In grappling with the challenging environment for the oil economy, Saudi Arabia recently took the surprising move to put a member of the royal family in charge of its energy sector.
Prince Abdulaziz, half brother of de facto ruler Crown Prince Mohammed bin Salman, is the first member of the Saudi royal family to take a principal role in the kingdom’s energy ministry.
“The announcement came out of the blue,” Callum Macpherson, head of commodities at Investec, tells PBI. “It was a surprise that the new Energy Mister will be a member of the Saudi royal family, as this has never happened before.”
“However, Prince Abdulaziz has been intimately involved with Saudi Arabia’s energy policy for a long time. He was instrumental in negotiating the OPEC-Plus deal and was opposed to the 2014/15 policy of trying to beat US shale by increasing production.”
Abdulaziz has committed to support cuts to oil output set out in OPEC-Plus, the agreement between the Organisation of the Petroleum Exporting Countries and fellow oil producing countries to raise prices.
“Logically this would suggest Saudi oil policy should not change much as a result of the new appointment,” Macpherson adds. “It may be that as OPEC are now dependant on non-OPEC countries such as Russia, leading to the role of Saudi Energy Minster having a more diplomatic angle, it was felt the role was better suited to a member of the Saudi Royal Family.”
This move points towards the monarchy wishing to be more hands-on in the most important sector of its economy at a time when the industry has been stuttering.
Oil enjoyed an uptick in price following the Abdulaziz’s appointment, but continues to sit some way short of the $80-85 per barrel price that Saudi Arabia needs to balance its budget.
The kingdom is also looking to consolidate the industry ahead of the government-owned oil company Saudi Aramco’s IPO, in which many of the world’s biggest investment banks, including JPMorgan and Morgan Stanley are reportedly set for principal roles.
The IPO of what is thought to be the world’s most profitable company is considered a big step on the road to economic facelift that will end the kingdom’s oil reliance.
This was given a rude awakening in mid-September after the two attacks on Saudi processing plants causing a surge in the oil price by almost 20%.
This highlights how, Despite Abdulaziz’s experience, there is only so much Saudi Arabia and its fellow OPEC parties can do to effect positive direction of travel in oil’s price, as Macpherson explains.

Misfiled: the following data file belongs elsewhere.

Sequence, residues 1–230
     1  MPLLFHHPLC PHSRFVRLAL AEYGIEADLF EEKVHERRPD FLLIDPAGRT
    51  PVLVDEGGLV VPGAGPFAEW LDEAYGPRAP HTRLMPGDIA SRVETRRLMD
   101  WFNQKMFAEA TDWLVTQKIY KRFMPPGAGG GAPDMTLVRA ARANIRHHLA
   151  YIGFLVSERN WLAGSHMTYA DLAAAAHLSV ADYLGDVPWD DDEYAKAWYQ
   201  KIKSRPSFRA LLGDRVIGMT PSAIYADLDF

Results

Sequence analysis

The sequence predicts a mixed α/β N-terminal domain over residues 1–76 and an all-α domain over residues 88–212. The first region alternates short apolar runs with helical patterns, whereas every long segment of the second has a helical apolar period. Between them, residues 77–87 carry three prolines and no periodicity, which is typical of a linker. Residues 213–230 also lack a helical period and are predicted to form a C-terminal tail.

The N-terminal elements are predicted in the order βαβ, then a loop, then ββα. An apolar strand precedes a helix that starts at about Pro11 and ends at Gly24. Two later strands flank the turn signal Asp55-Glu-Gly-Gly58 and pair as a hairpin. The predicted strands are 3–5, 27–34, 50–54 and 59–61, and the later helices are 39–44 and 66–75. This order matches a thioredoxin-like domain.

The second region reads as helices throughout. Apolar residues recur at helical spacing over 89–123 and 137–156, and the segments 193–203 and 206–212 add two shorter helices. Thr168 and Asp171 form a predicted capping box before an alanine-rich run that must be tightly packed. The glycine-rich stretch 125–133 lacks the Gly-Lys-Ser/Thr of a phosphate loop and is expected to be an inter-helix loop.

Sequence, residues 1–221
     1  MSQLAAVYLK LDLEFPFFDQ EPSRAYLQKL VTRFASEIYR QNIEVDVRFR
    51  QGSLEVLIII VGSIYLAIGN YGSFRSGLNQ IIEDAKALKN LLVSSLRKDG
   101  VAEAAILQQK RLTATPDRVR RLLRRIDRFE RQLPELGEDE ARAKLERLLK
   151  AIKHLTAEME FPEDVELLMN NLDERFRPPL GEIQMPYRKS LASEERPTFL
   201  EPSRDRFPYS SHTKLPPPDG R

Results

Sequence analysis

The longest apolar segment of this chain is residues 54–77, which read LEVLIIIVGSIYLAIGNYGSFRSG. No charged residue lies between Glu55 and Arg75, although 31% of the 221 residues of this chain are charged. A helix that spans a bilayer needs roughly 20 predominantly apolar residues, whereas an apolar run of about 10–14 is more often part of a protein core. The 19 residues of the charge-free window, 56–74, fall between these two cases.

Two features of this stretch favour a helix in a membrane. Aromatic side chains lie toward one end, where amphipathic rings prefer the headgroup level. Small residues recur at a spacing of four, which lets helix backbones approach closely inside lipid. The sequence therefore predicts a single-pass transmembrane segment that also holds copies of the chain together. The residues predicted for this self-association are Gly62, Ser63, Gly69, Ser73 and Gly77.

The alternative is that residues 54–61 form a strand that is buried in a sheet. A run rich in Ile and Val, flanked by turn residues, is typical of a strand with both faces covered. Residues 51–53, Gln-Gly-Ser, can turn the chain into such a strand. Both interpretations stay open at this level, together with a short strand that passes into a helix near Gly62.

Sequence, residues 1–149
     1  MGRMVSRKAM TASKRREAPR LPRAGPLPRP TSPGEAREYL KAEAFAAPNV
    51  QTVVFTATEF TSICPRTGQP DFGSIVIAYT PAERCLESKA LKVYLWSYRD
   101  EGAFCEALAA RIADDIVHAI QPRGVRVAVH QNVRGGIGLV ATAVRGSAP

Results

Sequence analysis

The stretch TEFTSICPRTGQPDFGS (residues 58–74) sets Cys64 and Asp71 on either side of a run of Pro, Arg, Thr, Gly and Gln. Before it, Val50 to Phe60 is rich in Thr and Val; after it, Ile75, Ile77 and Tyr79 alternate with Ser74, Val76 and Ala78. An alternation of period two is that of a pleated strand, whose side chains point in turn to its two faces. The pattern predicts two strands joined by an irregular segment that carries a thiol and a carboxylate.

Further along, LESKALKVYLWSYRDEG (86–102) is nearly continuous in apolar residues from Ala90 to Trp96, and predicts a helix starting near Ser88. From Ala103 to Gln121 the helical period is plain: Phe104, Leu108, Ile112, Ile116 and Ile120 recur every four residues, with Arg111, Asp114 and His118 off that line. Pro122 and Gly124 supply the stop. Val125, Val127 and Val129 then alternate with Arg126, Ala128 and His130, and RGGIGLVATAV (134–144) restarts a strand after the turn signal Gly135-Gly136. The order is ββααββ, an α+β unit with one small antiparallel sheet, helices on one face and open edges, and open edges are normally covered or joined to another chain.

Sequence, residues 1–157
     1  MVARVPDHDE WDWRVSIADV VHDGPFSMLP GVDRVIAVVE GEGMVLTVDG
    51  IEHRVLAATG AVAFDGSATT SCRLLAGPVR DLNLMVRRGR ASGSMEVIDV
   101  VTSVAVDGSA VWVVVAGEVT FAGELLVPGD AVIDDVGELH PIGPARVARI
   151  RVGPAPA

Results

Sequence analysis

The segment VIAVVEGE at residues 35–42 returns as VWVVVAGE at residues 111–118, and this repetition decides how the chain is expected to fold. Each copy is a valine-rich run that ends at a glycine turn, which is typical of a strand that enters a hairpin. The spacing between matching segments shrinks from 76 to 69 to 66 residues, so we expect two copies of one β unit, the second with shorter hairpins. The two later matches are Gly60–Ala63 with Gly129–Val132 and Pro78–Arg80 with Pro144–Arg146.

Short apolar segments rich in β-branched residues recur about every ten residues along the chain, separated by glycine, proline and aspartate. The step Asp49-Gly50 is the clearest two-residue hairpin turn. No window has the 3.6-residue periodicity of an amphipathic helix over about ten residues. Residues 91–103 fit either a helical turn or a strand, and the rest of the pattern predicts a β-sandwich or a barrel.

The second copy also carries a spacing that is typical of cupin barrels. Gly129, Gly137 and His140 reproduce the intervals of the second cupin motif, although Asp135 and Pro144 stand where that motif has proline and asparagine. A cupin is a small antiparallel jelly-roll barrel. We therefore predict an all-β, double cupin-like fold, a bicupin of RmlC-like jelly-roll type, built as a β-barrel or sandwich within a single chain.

“While total oil production and consumption has grown steadily over the years, OPEC’s production has remained at around 30 mb/d, meaning their share of world production and pricing power has diminished. This is why they have had to enlist the help of Russia and others in supporting prices.”
Macpherson points towards US-China trade tensions causing softer demand and technology helping to decrease the cost of production as challenges to OPEC maintaining prices without surrendering market share.
So with the best OPEC will in the world, oil pricing is nonetheless extremely sensitive to current geopolitical factors, which offer little certainty of any forthcoming resolution.
For example, prices fell by 2% on September 11th after a report suggested that Donald Trump was considering an easing of sanctions on Iran boosting global supply. This came in the wake of the resignation of John Bolton, National Security Advisor and one of the White House’s sternest advocates for keeping Iran on a short leash.
“Non-OPEC supply has increased strongly this year and though OPEC has kept its production significantly down below last year (where sanctions on Iran and Venezuela have been a significant contributor), current estimates suggest that OPEC + will face the prospect making further large cuts into 2020,” Macpherson says.
If bearish feeling for oil is heavily driven by concerns of oversupply, though, one must stop and assess how well-founded such fears are. Macpherson explains how forecasts for oversupply tend to assume continued US supply increase. Should this fall short then, the outlook for crude prices could then improve.
“One possible source of support for oil prices is the question marks over US drilling activity,” he says.
“Shale producers have succeeded in increasing efficiency further, but there are signs of new well drilling activity slowing. This can be seen in the rig count figures as well as the share price performance of oil services companies (the Philadelphia Stock Exchange Oil Service Sector Index is at around half its value of a year ago).”